Force, is convinced that many young Protestants became involved in
paramilitarism - and were subsequently imprisoned - as a result of
Mr Paisley's fiery religious rhetoric.

"For those of my generation, he was certainly the mood-maker," says
Mr Ervine, who served 5½ years for terrorist offences in the late

Big Ian, as he is sometimes affectionately called, was brought up
the son of a Methodist minister in rural county Armagh. He preached
his first sermon at 16 and by the time he was 25 had founded his
own breakaway Free Presbyterian church. Fiercely anti-Catholic, it
had no truck with the ecumenical direction that the Irish
Presbyterian movement was then taking. On the other hand, even his
Catholic constituents would agree that he is a very effective
constituency MP.

A politician in clerical collar is not an unusual sight in unionist
politics. But religion was only ever a backdrop for his political
activity. In 1961, he organised a march to protest against the
lowering of the Union Jack flag on the City Hall in Belfast to mark
the death of Pope John XXIII. It was the first loyalist march to be
banned under the Special Powers Act, the first piece of counter-
terrorist legislation passed by the regional government at
Stormont, which London was forced to dissolve at the onset of the

He opposed the Sunningdale agreement - an experiment in power-
sharing between the rival communities - and was active in support
of strikes in 1974 that brought it down.

He opposed the Anglo-Irish Agreement of 1985, which for the first
time gave Dublin a role in Northern Ireland affairs. And, in the
wake of the IRA ceasefire in 1994, he refused to deal with Sinn
Féin while the IRA held on to its arms and so was not party to the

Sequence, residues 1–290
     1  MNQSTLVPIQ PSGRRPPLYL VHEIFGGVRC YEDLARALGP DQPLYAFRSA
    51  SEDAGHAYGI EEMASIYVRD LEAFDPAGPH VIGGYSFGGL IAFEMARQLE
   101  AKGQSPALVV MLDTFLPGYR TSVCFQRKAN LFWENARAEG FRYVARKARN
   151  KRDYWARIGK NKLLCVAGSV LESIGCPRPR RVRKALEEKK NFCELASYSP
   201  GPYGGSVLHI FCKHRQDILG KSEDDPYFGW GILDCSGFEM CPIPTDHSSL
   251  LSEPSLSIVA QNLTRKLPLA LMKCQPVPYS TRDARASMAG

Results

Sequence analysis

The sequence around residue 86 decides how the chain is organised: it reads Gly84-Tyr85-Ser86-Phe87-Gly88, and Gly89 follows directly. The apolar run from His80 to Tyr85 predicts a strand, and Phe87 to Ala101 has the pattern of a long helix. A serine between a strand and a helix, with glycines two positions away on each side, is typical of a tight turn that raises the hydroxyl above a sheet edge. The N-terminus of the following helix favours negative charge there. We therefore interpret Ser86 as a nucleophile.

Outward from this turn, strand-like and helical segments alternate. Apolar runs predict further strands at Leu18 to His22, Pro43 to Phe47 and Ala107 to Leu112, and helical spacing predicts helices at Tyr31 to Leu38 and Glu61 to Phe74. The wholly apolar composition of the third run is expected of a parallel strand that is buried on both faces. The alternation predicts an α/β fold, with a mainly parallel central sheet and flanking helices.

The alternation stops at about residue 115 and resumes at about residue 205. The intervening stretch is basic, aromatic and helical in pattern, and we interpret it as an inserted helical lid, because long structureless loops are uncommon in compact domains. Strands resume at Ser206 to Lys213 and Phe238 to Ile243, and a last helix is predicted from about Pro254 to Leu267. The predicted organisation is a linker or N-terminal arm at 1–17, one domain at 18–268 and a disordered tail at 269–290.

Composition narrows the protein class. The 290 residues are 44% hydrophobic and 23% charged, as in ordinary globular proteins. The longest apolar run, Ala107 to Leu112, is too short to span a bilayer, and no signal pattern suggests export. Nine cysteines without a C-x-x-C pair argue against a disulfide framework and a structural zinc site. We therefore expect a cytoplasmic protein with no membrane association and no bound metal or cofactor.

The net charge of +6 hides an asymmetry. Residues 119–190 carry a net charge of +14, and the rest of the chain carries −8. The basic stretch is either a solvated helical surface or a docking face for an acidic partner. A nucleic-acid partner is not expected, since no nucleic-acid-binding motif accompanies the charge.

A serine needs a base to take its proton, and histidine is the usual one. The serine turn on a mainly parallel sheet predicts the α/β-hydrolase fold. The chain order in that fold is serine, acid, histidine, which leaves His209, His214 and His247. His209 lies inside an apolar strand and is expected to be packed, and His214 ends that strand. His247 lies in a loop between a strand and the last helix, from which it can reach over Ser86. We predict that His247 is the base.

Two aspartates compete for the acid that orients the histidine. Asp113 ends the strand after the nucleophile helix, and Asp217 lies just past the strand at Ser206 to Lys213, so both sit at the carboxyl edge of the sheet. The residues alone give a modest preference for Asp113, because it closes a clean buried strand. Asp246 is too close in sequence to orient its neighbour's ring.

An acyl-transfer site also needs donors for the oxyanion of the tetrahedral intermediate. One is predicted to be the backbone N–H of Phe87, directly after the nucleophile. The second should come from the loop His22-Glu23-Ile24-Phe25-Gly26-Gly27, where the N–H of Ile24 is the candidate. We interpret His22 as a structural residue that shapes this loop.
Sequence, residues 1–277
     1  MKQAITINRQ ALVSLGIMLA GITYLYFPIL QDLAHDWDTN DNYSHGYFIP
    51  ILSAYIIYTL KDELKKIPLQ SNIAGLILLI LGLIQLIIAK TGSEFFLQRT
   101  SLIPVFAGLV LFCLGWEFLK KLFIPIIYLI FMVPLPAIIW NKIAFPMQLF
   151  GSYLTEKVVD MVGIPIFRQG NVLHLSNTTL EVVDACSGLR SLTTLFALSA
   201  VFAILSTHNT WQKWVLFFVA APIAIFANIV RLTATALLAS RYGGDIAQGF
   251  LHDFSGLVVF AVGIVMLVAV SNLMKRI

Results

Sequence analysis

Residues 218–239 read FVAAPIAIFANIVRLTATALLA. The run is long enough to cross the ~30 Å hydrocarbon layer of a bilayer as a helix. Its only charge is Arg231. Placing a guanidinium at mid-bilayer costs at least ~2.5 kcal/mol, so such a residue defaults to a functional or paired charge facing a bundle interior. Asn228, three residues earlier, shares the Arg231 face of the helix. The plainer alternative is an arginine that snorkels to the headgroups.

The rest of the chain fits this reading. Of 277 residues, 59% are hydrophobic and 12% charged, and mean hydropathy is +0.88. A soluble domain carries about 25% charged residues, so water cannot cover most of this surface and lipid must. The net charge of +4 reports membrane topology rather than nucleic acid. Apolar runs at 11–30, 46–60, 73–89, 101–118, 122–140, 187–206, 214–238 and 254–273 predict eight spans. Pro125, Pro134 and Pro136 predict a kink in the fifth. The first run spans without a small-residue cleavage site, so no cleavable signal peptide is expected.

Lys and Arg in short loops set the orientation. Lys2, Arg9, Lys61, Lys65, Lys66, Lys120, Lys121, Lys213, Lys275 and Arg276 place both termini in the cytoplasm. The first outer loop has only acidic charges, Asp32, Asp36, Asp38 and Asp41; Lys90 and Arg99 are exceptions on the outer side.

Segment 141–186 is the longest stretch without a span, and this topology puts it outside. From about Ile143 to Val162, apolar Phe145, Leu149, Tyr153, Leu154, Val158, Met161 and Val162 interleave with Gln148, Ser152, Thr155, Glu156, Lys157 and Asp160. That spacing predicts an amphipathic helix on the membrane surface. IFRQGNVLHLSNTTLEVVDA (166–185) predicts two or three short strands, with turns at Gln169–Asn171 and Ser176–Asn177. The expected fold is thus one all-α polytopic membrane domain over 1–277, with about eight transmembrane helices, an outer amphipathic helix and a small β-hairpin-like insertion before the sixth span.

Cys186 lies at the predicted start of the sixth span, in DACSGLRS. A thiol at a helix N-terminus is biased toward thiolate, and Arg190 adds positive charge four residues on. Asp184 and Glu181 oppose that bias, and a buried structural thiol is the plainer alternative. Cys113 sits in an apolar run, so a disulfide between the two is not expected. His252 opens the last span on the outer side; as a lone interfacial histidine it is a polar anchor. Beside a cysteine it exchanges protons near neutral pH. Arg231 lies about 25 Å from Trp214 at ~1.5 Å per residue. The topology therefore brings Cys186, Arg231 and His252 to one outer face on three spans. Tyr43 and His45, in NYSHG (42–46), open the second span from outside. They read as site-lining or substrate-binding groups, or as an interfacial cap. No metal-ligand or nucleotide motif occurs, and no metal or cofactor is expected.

1998 Good Friday peace agreement that set up the currently
suspended institutions of devolved government.

A few months ago, government officials said there would only be a
chance of the DUP signing up to a deal once Mr Paisley was off the

But just as in the early 1990s British governments came to the
conclusion that a durable settlement was not possible without at
least the acquiescence of Sinn Féin, so policymakers are now slowly
adjusting to the fact that Mr Paisley and his hardline brand of
Ulster Protestantism are indispensable to achieving a lasting

Arthur Aughey, politics lecturer at the University of Ulster,
believes that once moderate nationalists calculated that their
interests were best served by supporting Sinn Féin, unionists
looked to Mr Paisley and not the moderate David Trimble - leader of
the the Ulster Unionist party - as their saviour. "There was no
advantage in appearing to be conciliatory," he says.

On the day in 1998 that the referendum backing the Good Friday
agreement was won, Mr Paisley faced triumphalist barracking from
more moderate unionists at the count centre at the King's Hall in
Belfast. But his electoral fortunes have been on an upward path
ever since, as a result of unionist disenchantment with the Good
Friday agreement. A year later, in the same hall, Mr Paisley was
celebrating his biggest ever victory in the European parliamentary

Next week, the province should know whether Big Ian is willing to
risk a backlash from his own supporters by making the compromises
that would enable him to become first minister in a power-sharing
administration with his old enemies.


Opin: Reputation Of The Gardaí Battered By Tribunals And

By Ryle Dwyer

RETIRED Detective Inspector Gerry O'Carroll persists in maintaining
that the gardaí were right in the assumption that Joanne Hayes was
the mother of the two babies at the centre of the Kerry Babies case
in 1984.

That was the start of the flood of tribunals. It may have been
relatively inexpensive in comparison with what has been happening
since, but it still cost a small fortune and it accomplished very

The gardaí were suspected of having botched the investigation into
the discovery of a new-born infant who had been stabbed to death
and was washed up near Caherciveen.

Joanne Hayes of Abbeydorney became a suspect. She and members of